Alberta Views Review of Everything Is So Political

Everything Is So Political
A Collection of Short Fiction by Canadian Writers

Edited by Sandra McIntyre  

According to editor Sandra McIntyre, “People are political and everything has some connection to the public sphere.” She has selected 20 politically themed short stories by Canadian writers, both established and new, that bear out her assertion.

I was moved to tears by Sherveen Ashtari’s lyrical “Above Her Shook the Starry Lights.” The narrator is an Iranian female prisoner awaiting the death penalty in Iran’s harsh theocracy. She proclaims, “I was born a captive,” her 1979 birthdate coinciding with Iran’s Islamic coup. Unaware of the dangers of a brutal military dictatorship, a courageous young Canadian male decides to hike alone in Myanmar in Matthew R. Loney’s “From the Lookout There Are Trees.”

Tension engulfed me while reading Shane Joseph’s gripping “Suicide Bombers,” in which a Canadian visitor remarkably survives a horrific bus explosion in Sri Lanka.

Racism shows its ugly face in Port Arthur, Ontario, in Joan M. Baril’s, “Grace Street, 1946.” The friendship between a young white girl and her First Nations classmate perturbs her mother. Her father, a policeman, risks his job to create a union, while upholding unwritten racial rules whereby Indians can be seen on one side of town but not the other.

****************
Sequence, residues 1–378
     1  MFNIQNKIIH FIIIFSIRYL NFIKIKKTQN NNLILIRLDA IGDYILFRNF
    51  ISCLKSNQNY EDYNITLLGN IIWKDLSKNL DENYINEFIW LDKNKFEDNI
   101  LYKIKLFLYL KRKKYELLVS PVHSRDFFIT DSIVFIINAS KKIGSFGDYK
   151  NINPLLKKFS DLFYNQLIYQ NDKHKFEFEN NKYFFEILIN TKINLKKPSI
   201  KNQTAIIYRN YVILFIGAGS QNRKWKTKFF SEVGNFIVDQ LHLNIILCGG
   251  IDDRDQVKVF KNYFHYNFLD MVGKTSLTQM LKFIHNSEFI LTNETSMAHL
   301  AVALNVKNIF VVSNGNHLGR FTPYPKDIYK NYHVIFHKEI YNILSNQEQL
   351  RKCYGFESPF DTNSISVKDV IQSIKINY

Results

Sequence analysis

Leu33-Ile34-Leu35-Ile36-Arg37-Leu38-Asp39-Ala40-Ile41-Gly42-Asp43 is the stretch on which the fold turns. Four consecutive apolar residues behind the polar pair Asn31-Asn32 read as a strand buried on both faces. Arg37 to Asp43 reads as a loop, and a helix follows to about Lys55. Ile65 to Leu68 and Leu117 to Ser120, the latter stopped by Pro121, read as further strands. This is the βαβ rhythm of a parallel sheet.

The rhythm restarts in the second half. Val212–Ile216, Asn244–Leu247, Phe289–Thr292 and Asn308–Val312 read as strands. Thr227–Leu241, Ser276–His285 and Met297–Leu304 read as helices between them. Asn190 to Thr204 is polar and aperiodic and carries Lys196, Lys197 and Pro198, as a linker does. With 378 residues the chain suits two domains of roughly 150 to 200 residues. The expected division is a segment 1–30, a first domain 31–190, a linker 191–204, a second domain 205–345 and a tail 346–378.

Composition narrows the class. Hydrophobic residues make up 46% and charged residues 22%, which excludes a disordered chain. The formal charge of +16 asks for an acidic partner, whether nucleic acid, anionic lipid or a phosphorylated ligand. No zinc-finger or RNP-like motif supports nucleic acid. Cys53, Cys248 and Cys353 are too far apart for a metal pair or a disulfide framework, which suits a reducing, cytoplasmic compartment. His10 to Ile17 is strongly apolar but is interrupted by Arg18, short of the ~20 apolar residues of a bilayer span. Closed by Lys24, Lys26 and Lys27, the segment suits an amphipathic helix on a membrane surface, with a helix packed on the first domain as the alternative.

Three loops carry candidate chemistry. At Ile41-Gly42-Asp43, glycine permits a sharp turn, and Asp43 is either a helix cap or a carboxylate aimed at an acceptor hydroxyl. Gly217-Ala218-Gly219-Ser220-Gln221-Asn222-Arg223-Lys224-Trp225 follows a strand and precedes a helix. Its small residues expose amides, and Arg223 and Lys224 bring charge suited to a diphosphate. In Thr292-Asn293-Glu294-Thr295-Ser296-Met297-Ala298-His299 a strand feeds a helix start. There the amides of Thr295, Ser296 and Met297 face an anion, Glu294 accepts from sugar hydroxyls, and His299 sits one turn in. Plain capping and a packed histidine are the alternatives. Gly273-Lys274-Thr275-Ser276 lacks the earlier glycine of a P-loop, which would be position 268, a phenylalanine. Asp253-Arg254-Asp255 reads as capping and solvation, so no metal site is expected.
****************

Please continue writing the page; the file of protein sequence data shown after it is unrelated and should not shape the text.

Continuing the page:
Written as a play, R. Jonathan Chapman’s “The Extremists” depicts the determination of environmentalists to transform the traditional politics of a Canadian federal riding. In the Conservative-voting Yellowhead riding of Alberta, Andes and his farming collective, dedicated to all-organic gardening, micro-wind-farming and manure/compost blends, are part of a new movement to make their riding the first in Canada to elect a Green Party MP. A rancher’s concern regarding the environmentalists’ intention provokes a store owner-operator’s response: “They’re extremists. The truth is, so is everyone. We all think what we think is right. Everyone believes in something so they can make their way in the world.”

This book brings to mind the work of Margaret Atwood and Neil Bissoondath and Hugo Bonjean, making us see things differently and question the world around us. Although the stories differ greatly in tone and theme, they are all thought-provoking, powerful and imaginative. Not only do I recommend reading this inspiring collection, I recommend rereading it not long after.

–Jamal Ali writes non-fiction and poetry in Calgary.

Alberta Views October 2013

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